Wisakedjak

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Wisakedjak (Wìsakedjàk in Algonquin, Wīhsakecāhkw in Cree and Wiisagejaak in Oji-cree) is the Crane Manitou found in northern Algonquian and Dene storytelling, similar to the trickster god Nanabozho in Ojibwa aadizookaanan (sacred stories) and Inktonme in Assiniboine myth. He is generally portrayed as being responsible for a great flood which destroyed the world originally made by the Creator, as well as the one who created the current world with magic, either on his own or with powers given to him by the Creator for that specific purpose. His name is subject to many variant forms, including Weesack-kachack, Wisagatcak, Wis-kay-tchach, Wissaketchak, Woesack-ootchacht, Vasaagihdzak, Weesageechak, and undoubtedly others. The Cree people believe the wīhsakecāhkw is a benign spirit, fun-loving and cheerful.[1] The bird is seen in Cree stories as an example of good manners and good company.[2]

It was sometimes Anglicized as whiskey jack, which became an alternate name for the gray jay.

In fiction[edit]

Wisakedjak is a character in the book American Gods by Neil Gaiman, where he is frequently referred to as "Whiskey Jack" as a corruption of the name. In the book, he appears as a native old man, who lives in a mobile home, somewhere near a Lakota reservation in the badlands with Johnny Appleseed.[3]

The character also appears in Kiss of the Fur Queen by Tomson Highway and The Onion Girl by Charles de Lint, and in The Wolf at the End of the World by Douglas Smith (where his name is spelled "Wisakejack").

Elijah Weesageechak/[Wiisagejaak] is a character in the book Three Day Road by Joseph Boyden, where he has been nicknamed "Whiskeyjack" by his fellow company-mates as the Anglicized version of his name.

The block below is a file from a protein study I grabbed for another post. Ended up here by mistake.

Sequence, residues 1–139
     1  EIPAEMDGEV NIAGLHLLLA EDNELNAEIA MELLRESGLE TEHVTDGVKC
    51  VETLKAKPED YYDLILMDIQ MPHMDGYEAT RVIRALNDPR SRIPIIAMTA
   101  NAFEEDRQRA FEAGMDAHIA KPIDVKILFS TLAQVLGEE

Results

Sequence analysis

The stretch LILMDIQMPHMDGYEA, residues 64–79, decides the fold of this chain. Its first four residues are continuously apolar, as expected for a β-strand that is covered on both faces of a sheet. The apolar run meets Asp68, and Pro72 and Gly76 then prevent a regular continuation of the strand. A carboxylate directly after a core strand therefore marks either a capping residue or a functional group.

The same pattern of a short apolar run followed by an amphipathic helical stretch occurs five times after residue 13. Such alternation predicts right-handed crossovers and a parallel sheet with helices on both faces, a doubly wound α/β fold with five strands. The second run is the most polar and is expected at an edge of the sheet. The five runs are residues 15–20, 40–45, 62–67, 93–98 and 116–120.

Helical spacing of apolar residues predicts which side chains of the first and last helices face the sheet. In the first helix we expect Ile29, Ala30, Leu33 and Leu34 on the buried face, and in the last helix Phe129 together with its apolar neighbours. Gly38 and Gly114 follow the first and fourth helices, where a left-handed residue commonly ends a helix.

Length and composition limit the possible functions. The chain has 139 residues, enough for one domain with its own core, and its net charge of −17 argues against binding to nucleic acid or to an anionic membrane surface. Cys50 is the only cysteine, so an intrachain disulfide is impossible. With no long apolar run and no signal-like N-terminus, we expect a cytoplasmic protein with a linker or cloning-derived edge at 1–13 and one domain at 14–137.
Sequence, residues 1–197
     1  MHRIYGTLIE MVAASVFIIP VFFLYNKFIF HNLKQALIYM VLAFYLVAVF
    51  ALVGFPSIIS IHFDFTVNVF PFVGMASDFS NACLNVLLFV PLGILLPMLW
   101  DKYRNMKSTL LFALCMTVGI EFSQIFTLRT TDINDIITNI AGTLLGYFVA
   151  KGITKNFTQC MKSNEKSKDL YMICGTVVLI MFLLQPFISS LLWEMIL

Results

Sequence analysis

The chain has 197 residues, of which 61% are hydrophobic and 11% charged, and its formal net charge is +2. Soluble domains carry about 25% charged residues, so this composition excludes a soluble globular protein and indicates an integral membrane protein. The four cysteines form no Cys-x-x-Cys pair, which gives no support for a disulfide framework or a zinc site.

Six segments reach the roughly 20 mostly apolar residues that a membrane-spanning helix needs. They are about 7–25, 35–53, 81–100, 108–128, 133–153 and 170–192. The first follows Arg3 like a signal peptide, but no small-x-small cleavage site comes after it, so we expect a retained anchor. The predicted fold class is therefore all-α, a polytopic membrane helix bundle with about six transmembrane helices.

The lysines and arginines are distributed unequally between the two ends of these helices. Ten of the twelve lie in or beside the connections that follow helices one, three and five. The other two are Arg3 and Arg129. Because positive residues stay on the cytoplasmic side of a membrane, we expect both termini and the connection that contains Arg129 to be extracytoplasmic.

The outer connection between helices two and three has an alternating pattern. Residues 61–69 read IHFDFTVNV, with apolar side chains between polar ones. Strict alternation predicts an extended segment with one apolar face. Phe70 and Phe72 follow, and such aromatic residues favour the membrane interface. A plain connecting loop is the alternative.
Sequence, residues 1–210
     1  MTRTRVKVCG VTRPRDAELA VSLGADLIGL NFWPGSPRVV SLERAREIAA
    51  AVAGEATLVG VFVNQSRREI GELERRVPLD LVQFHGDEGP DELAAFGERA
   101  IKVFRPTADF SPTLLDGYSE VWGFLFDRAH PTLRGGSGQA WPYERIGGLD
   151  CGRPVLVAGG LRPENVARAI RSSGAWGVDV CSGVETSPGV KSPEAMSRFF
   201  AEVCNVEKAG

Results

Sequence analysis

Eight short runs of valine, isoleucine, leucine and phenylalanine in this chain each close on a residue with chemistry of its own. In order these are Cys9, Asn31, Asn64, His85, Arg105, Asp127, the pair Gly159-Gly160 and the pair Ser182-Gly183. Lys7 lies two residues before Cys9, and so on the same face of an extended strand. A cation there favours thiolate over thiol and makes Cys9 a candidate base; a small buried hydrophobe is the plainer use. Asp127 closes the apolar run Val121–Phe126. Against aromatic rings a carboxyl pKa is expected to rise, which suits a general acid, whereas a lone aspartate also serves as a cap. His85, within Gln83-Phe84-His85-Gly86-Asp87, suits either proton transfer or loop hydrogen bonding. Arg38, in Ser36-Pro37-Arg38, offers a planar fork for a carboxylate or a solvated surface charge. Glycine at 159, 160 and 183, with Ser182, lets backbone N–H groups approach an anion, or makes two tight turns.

Whiskeyjack is a character in Canadian author Steven Erikson's epic fantasy series The Malazan Book of the Fallen. He is the putative leader (his rank goes up and down) of the Bridgeburners, an elite unit of soldiers in the Malazan Empire.

In the 1991 movie Clearcut, Wiisagejaak is referred to as the Deceiver by a First Nations elder named Wilf, portrayed by Floyd "Red Crow" Westerman.[4]

In 2010, artist Kent Monkman made a painting called Weesageechak Teaches Hermes How to Trick the Four-Leggeds showing Wisakedjak as naked man with purple boots[5]

See also[edit]

References[edit]

  1. ^ Birds: Myth, Lore and Legend By Rachel Warren Chadd, Marianne Taylor, 2016, pg 187. Bloomsbury Natural History, ISBN 978-1472922861
  2. ^ Cree History and culture, By Helen Dwyer and Mary Stout, 2013, pg 29. Native American Library, Gareth Stevens Publishing, NY, ISBN 978-1-4339-7417-5
  3. ^ [1]
  4. ^ [2]
  5. ^ [3]

External links[edit]

  • Taken from the book "INDIAN LEGENDS OF CANADA" by Ella Elizabeth Clark ISBN 0-7710-2121-6